Aaaaarrrrgh! Why is it that when the debate over discount rates and climate
change finally makes it into David
Leonhardt’s NYT column, he gets it completely wrong?
The Stern Review assumed that a dollar of economic damage prevented a century
from now (adjusted for inflation) is roughly as valuable as a dollar spent
reducing emissions today.
This is not true. This is wrong.
John Quiggin has an invaluable backgrounder
on all this, but basically Stern’s choice of discount rate (eta = 1) means that
he adjusts for income, not for inflation. Global income presently is
about $7,000 per person, and global income in 2100 will be about $100,000 per
person, according to Stern’s projections. Using his discount rate and other
assumptions, a dollar of economic damage prevented a century from now is roughly
as valuable as 7 cents spent reducing emissions today. (In fact, it’s
less than that, because Stern adds another discount rate, called delta, on top
Leonhardt says that "spending a dollar on carbon reduction today to avoid
a dollar’s worth of economic damage in 2107 doesn’t make sense"
– but this is a straw man, since Stern never comes close to saying that
we should do such a thing. Leonhardt also spends a lot of time on the academic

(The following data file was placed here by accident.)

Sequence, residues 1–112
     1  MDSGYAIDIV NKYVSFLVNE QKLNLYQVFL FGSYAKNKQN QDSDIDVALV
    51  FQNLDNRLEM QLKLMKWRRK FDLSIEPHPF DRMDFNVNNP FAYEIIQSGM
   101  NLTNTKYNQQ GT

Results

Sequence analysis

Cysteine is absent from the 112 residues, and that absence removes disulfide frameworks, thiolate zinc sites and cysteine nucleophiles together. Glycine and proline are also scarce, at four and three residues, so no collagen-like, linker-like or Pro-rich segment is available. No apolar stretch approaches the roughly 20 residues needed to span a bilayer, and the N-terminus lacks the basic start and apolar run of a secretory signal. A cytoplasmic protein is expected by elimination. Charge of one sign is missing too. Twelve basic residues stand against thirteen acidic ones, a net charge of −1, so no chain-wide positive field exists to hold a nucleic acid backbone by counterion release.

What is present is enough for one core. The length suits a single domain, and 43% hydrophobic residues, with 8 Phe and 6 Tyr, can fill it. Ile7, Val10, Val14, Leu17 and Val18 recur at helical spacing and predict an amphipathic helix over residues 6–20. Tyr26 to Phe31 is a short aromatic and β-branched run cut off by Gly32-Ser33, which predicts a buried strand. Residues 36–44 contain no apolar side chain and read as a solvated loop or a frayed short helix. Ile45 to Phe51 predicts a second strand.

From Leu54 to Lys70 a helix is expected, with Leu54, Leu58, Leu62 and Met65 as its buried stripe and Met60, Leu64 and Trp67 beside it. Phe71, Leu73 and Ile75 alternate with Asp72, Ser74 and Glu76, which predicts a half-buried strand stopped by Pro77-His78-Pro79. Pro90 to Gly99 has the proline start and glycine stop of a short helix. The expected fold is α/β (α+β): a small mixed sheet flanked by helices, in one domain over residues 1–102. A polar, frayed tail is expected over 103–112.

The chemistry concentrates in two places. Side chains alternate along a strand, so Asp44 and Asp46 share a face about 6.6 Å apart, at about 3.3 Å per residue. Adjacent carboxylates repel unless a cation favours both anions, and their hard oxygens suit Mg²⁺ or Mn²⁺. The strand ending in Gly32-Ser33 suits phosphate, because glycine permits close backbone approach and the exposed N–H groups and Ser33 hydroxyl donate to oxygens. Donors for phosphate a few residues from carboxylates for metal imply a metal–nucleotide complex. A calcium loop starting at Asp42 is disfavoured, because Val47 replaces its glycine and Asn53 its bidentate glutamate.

qualifications of Stern’s opponents, but neglects to mention that Stern himself,
a former chief economist of the World Bank, is actually a real expert on discount
rates, and understands them much better than most economists do.
Leonhardt says that Stern is "right for the wrong reasons", and says
that "technically, Sir Nicholas’s opponents win the debate."
The problem is that this is a very high-level and complex debate, which is not
at all easy to follow. Leonhardt, with his talk of inflation, has shown that
he is not up to following it. This is no great failing, since I’m not up to
following it either, and most economists I know also can’t follow it. But if
you can’t follow the argument, you certainly shouldn’t be declaring winners.